Your child’s school is now closed and all learning is online. Suddenly you have been thrust into the role of a teacher helping your child engage in virtual learning. You have no experience of it and it can be frustrating. It’s a big change for them and a big one for you. It may start as fun and a something of a novelty but that is unlikely to last. You are in it for the long haul. How do you and your partner stay sane?
10 ways to create routines in learning
1. Make it clear from the start that they won’t have to work as long as they do in school. We feel better if we know what is expected and in the case of home learning, it is hard to sustain a full day of engagement. Remind yourself and your child that learning comes in many forms and that just talking and playing games is a form of learning. So maybe just the morning doing formal schoolwork and more informal activities after lunch.
2. Keep a routine for getting up, breakfast and starting work. Most children learn best in the mornings so make the most of that productive time. Keep to the routine you had when they were in school and instead of heading out to school start work at home. It’s tempting to go for an extra lie-in but avoid it. We are all more productive if we have a routine and stick to it.
3. Clear a space before starting work. If we want our children to be motivated to achieve, we need to demonstrate that they are entering the ‘school’ space and that their attitude and behaviour – and yours - is going to reflect that. If you have a space that can become the ‘schoolroom’ then that is ideal but more likely this will be the kitchen table. With older children, it may be their bedroom.
4. Help them get started. ‘Rather than helping them download the material from schools and then saying, “OK off you go, I will be back in an hour to check on you”, instead take five minutes to make sure they understand the lesson or task and can get started. Of course, you may have work to do of your own but you will get fewer interruptions if they know what they are doing.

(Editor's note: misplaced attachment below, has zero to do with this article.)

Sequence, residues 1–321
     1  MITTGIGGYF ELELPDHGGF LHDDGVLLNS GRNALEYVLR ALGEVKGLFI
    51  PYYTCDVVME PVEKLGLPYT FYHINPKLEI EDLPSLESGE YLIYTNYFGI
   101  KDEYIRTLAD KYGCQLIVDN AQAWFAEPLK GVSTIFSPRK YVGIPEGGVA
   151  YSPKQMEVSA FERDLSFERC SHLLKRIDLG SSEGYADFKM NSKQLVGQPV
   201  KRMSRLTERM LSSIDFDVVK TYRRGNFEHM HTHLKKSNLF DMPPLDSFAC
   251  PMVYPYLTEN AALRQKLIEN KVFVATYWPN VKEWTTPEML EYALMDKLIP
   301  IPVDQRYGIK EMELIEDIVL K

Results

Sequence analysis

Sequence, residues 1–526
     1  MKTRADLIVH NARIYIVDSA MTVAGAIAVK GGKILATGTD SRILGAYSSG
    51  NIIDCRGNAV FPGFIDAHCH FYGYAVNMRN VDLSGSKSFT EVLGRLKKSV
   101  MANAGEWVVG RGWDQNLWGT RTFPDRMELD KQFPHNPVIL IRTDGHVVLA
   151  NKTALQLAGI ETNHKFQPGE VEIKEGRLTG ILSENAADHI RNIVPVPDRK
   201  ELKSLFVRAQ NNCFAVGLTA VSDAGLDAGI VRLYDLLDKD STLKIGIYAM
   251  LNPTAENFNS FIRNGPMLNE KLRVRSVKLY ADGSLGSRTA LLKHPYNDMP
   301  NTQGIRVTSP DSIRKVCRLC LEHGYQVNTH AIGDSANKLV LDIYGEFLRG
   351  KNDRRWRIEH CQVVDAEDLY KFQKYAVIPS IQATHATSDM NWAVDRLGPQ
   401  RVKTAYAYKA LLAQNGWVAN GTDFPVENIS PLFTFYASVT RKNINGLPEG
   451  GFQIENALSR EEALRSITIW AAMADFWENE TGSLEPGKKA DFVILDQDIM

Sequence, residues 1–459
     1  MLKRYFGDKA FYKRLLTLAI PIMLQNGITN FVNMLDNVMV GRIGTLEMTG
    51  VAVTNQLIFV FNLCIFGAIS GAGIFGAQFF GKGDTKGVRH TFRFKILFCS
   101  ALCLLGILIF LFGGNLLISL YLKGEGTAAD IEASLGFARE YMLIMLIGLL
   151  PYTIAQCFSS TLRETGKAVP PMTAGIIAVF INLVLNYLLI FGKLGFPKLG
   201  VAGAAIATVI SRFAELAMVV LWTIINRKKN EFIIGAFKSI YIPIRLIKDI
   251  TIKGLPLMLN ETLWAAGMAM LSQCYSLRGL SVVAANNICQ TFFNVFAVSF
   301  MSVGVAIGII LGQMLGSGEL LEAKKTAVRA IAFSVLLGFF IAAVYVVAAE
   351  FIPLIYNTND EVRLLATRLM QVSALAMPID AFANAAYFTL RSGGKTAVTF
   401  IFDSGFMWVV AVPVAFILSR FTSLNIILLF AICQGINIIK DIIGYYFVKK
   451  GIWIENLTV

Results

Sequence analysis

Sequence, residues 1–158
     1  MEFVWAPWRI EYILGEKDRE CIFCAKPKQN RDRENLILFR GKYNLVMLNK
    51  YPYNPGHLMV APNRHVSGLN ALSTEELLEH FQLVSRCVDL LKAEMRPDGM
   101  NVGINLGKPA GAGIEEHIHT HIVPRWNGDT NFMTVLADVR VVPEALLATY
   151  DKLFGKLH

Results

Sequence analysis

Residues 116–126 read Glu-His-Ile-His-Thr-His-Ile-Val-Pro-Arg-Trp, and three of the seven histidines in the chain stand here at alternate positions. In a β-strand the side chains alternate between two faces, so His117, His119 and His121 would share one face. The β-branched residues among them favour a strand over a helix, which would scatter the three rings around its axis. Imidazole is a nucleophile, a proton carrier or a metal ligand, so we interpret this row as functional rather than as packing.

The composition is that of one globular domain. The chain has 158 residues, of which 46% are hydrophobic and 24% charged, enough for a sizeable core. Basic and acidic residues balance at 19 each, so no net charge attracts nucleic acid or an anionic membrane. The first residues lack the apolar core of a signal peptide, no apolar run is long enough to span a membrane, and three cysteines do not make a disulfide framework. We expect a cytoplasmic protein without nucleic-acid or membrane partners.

5. Make sure they have everything they are going to need. When teachers are trying to make activities interesting and engaging they often ask children to do practical tasks. This may involve drawing or cutting out and glueing. So it helps to have paper, pencils, felt tips, safe scissors etc. Basing the craft materials you might have at home already. There is nothing more annoying than a constant stream of requests for materials.
6. Build-in time for breaks. If your child is older, especially if they’ve started secondary school, you can challenge their lack of motivation by highlighting the importance of working hard. They need reminding that the work they’re doing now is preparing them for future success and that it’s worth putting in the effort now to have more choices later in life. This can be more effective in building motivation than pointing out short-term gains, such as a good mark in a test.
7. Show an interest in what they are doing. Children are not used to working alone or online and it’s natural that they will get bored or feel frustrated. You will need to judge when they simply cannot do more but you can extend the point at which that occurs by showing an interest in what they are doing. If you have helped them get started then when to drop in to check how it’s going you can ask and maybe make suggestions etc.
8. Celebrate effort rather than achievement. This is always better for the child. If your child struggles to motivate themselves, it can be tempting to offer incentives. The problem with bribery is that it creates a mentality where children are just looking for what they have to do to “win the game”. ‘It’s better to reward the effort than achievement, whether that’s with praise and kind words or something concrete.’
9. Build-in rewards but keep down the sugar. We all like to have a reward when we have done our work and stayed on task. Little rewards can make a big difference but do avoid too many rewards that involve sugar, for example, sweets and biscuits. Otherwise, they will be ‘bouncing off the walls’
10. Share the burden with your partner if you can. It is likely that both you and your partner will be working from home. Rather than both of you being half available, better to decide who is supervising the children over a given period of time and take it in turns. Employers know they need to be flexible in these extraordinary circumstances.
Finally, show them some love. At the end of the ‘school’ day and also during it keep showing that you love them. It’s a tough time for everyone and tempers may fray. It’s understandable but in the end, a child needs to have the reassurance of knowing that they are loved so – show some love.